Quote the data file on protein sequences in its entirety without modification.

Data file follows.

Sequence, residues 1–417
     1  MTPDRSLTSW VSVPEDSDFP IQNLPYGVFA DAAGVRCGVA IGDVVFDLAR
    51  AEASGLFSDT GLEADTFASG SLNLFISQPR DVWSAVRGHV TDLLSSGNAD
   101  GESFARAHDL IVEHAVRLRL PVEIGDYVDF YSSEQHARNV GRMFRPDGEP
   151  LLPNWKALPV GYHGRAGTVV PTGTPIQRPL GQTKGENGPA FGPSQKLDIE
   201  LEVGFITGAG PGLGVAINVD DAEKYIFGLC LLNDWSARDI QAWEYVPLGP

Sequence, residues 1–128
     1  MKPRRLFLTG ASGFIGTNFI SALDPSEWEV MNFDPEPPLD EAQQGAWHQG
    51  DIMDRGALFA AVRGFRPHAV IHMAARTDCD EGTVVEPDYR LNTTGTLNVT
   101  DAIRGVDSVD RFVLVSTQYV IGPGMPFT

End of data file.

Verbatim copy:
Sequence, residues 1–417
     1  MTPDRSLTSW VSVPEDSDFP IQNLPYGVFA DAAGVRCGVA IGDVVFDLAR
    51  AEASGLFSDT GLEADTFASG SLNLFISQPR DVWSAVRGHV TDLLSSGNAD
   101  GESFARAHDL IVEHAVRLRL PVEIGDYVDF YSSEQHARNV GRMFRPDGEP
   151  LLPNWKALPV GYHGRAGTVV PTGTPIQRPL GQTKGENGPA FGPSQKLDIE
   201  LEVGFITGAG PGLGVAINVD DAEKYIFGLC LLNDWSARDI QAWEYVPLGP

Sequence, residues 1–128
     1  MKPRRLFLTG ASGFIGTNFI SALDPSEWEV MNFDPEPPLD EAQQGAWHQG
    51  DIMDRGALFA AVRGFRPHAV IHMAARTDCD EGTVVEPDYR LNTTGTLNVT
   101  DAIRGVDSVD RFVLVSTQYV IGPGMPFT